COLUMBUS, Ohio - Something special is happening in the Columbus Blue Jackets crease.
Pascal Leclaire has posted four shutouts in his first seven starts and has arguably been the best goalie in the NHL this season. The 24-year-old has credits his teammates for the hot start, but they're not exactly buying that explanation.
"He's going to credit us for some of the shutouts he's gotten but I'll tell you what, all you need in this league is a goalie to make big saves at big times," veteran Columbus centre Michael Peca said recently. "He's come up numerous times to make those saves. ...
"He's been doing something special for us."
While elite netminders like Miikka Kiprusoff, Martin Brodeur, Ryan Miller and Roberto Luongo have struggled in the first month of the season, Leclaire has blossomed. He is 5-2 with a league-best 1.29 goals-against average.
Leclaire's explanation for the gaudy numbers is simple - he owes everything to the system coach Ken Hitchcock has his team playing.
"We don't give up as many scoring chances," said Leclaire. "We have a great system that everybody bought into. Turnovers are down, and there's a whole bunch of those things that you can mention. Guys are very focused and we know that if we want to win, the defensive part of the game comes first.
"Ken (head coach Ken Hitchcock) came in and put in a good system that guys bought into. People talk about the shutouts but that's just a result of team play."
Columbus certainly has tightened up as a group, which has translated into the best start in franchise history. The team entered the week with a 6-3-1 record, placing them second in the competitive Central Division.
The Blue Jackets began the season platooning Leclaire and Finnish veteran Fredrik Norrena, who became the first goalie in team history to finish a season above .500 when he went 24-23 with three shootout losses last season.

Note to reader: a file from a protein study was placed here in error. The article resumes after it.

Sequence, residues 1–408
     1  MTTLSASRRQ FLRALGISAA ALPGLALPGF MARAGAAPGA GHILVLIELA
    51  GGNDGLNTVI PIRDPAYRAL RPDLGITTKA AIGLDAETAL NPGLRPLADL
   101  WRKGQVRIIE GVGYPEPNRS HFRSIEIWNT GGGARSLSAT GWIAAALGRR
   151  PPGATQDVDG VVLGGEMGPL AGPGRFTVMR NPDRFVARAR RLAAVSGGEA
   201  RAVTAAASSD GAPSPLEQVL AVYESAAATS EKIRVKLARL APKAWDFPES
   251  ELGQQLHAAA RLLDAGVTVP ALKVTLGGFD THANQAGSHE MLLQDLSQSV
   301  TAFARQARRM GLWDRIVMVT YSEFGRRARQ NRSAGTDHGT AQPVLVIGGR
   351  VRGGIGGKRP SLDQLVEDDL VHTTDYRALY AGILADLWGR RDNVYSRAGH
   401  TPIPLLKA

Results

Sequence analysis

But Leclaire has taken the reigns.
The native of Repentigny, Que., has allowed just four goals in his past four appearances. The early consistency has to be encouraging for the eighth overall pick from the 2001 draft.
He got his first taste of regular NHL action in the season following the lockout, posting an 11-15-3 record in 33 appearances. But last year, problems with his left knee limited him to just 24 games and six wins, one of which was his first and only career shutout before this season.
Leclaire had arthroscopic surgery on Boxing Day before re-aggravating the injury in February, which ended his season. Jackets strength and conditioning coach Barry Brennan consulted with some physiotherapy experts in Montreal and constructed a program to help Leclaire's recovery.
"I couldn't really do any weights until July because of my knee," he said. "I had to find ways to play around and build strength in my legs without doing weights. So I rode the bike a lot.
"I enjoyed it quite a bit. And I feel pretty good now. For me, (returning at full strength) was never an issue. I knew it would come back. The doctors made it clear to me that everything would be fine. I just needed the time."
While the injury impacted Leclaire's training regimen, it has had no effect on his style. He is not a pure butterfly goaltender like so many players his age that grew up in Quebec.
"I like the way I play," said Leclaire, a lifelong Canadiens fan who idolized Patrick Roy as a kid. "It's a little bit of both. I do butterfly quite a bit but I'm not going to go down first on every shot.
"I like to be really active in front of my net and use my legs as much as possible. And I catch the puck instead of trying to get hit by it. For me, it's more fun to play that way. To be like a robot, I'm not comfortable, and I wouldn't be good at that."
Whatever Leclaire is doing is working right now.
So far this season, he's had the good fortune of playing behind a disciplined group that has provided him leads on most nights. Leclaire has responded with timely saves, while allowing little in the way of second and third opportunities for opposing players crashing the net.
But he insists that he has no interest in numbers - especially the shutouts.
"I keep repeating it but it's not important to me," Leclaire said. "It's important to get the win. The win column is the most important thing.
"To me, shutouts are just a bonus. They look good on paper but that's not important."